Hurricane Kenna, the sixteenth tropical disturbance of the 2002 eastern
Pacific hurricane season, explosively intensified from a tropical storm
to a Category 5 hurricane in less than 48 hours. On October 25, 2002, Kenna
made landfall on the western Mexican coast as a Category 4 storm. Kenna was born in the warm tropical waters of the eastern
Pacific south of Mexico on October 22 to become the strongest storm to
threaten the Americas in 2002.
This Tropical Rainfall Measurement Mission (TRMM) overpass from the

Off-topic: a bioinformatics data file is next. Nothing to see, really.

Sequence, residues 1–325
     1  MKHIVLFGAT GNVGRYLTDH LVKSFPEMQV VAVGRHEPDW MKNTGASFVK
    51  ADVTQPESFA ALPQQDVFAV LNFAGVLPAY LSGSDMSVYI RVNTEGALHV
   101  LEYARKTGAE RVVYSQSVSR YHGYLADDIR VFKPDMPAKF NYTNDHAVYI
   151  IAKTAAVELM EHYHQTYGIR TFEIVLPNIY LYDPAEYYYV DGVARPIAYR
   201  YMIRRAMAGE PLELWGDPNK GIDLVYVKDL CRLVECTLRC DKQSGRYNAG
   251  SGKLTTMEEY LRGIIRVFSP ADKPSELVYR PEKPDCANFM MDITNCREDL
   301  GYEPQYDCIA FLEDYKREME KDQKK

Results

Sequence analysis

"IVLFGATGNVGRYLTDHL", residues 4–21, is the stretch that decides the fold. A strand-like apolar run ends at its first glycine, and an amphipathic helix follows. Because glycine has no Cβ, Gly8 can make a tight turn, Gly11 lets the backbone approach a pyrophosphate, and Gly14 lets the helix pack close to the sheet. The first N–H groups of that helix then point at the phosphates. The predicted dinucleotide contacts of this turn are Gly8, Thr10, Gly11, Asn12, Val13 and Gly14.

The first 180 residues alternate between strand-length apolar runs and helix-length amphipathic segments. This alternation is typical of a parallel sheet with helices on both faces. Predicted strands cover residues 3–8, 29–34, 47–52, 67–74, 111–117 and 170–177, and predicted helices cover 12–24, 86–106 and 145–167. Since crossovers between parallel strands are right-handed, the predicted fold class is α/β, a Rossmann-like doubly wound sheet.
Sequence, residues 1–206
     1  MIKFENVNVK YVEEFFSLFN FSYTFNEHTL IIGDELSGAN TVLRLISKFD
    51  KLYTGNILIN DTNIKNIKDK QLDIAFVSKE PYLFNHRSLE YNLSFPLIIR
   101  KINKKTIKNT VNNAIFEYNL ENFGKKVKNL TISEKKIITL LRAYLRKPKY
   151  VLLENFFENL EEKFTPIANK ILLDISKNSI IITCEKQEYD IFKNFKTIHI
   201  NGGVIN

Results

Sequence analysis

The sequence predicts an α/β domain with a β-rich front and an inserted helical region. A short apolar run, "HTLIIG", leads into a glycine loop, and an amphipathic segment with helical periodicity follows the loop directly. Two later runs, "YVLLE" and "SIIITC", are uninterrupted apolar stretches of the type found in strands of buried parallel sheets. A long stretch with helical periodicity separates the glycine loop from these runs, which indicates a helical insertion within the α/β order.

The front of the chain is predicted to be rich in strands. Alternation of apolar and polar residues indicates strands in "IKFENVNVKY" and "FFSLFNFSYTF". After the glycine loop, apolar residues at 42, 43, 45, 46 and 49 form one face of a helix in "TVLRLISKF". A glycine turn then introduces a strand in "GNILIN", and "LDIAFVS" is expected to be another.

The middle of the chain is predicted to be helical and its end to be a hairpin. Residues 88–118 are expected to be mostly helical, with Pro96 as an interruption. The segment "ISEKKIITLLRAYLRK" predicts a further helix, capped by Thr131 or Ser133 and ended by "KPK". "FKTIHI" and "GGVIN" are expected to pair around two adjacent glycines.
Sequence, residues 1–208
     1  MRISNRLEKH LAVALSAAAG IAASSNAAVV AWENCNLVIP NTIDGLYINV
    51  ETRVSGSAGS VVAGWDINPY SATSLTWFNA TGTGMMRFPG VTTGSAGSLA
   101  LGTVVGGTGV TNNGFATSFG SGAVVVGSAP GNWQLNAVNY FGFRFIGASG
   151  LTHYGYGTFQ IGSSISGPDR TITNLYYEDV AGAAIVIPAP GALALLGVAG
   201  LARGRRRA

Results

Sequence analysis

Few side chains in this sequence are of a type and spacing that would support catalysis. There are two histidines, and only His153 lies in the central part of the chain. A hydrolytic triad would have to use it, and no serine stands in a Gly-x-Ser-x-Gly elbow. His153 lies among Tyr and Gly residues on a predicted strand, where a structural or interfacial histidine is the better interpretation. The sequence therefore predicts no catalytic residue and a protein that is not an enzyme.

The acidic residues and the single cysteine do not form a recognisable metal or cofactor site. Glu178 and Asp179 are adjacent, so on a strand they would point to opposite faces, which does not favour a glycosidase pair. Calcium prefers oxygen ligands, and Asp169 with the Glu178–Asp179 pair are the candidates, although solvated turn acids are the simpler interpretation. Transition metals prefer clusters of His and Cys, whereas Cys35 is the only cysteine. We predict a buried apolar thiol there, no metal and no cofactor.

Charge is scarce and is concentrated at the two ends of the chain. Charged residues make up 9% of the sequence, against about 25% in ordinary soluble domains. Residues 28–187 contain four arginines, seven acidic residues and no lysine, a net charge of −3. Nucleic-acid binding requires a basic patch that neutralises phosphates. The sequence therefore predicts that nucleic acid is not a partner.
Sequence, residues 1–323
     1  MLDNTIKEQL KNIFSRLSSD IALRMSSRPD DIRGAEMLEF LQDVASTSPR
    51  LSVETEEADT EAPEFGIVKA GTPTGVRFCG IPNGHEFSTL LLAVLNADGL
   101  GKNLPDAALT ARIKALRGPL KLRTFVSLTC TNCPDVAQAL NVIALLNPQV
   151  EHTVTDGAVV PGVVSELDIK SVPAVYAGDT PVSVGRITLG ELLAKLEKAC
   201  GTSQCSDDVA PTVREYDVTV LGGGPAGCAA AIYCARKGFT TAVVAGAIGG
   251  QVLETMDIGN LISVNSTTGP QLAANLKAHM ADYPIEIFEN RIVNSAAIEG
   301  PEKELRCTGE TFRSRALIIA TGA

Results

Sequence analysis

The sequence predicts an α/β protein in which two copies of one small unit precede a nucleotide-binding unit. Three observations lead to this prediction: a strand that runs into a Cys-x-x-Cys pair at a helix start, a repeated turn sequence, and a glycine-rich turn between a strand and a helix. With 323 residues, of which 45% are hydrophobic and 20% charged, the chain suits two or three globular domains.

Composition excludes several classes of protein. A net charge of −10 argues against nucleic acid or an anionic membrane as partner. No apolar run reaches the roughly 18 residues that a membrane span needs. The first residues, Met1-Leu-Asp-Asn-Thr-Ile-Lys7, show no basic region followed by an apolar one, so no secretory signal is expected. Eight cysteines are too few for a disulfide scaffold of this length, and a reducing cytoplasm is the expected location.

afternoon of October 23 shows the rain structure inside the rainbands
and inner core of Kenna. Red and yellow colors indicate the most
intense rains. TRMM shows that the rainfall pattern is highly
asymmetric, with most of the rain falling west of the storm center.
TRMM also reveals that the tight, compact eye is well formed and is
flanked by towering thunderstorm clouds. These towers, which are 16-17
km tall, contain the heaviest rains and act to energize the core of the
storm, sustaining winds of nearly 140 mph.
Images of Kenna and other 2002 hurricane season storms can be found
by visiting the official TRMM website at http://trmm.gsfc.nasa.gov/.
Image courtesy Hal Pierce, NASA GSFC Mesoscale Atmospheric Processes
Branch (Code 912). For more information and other examples of TRMM
data, visit the TRMM Web site.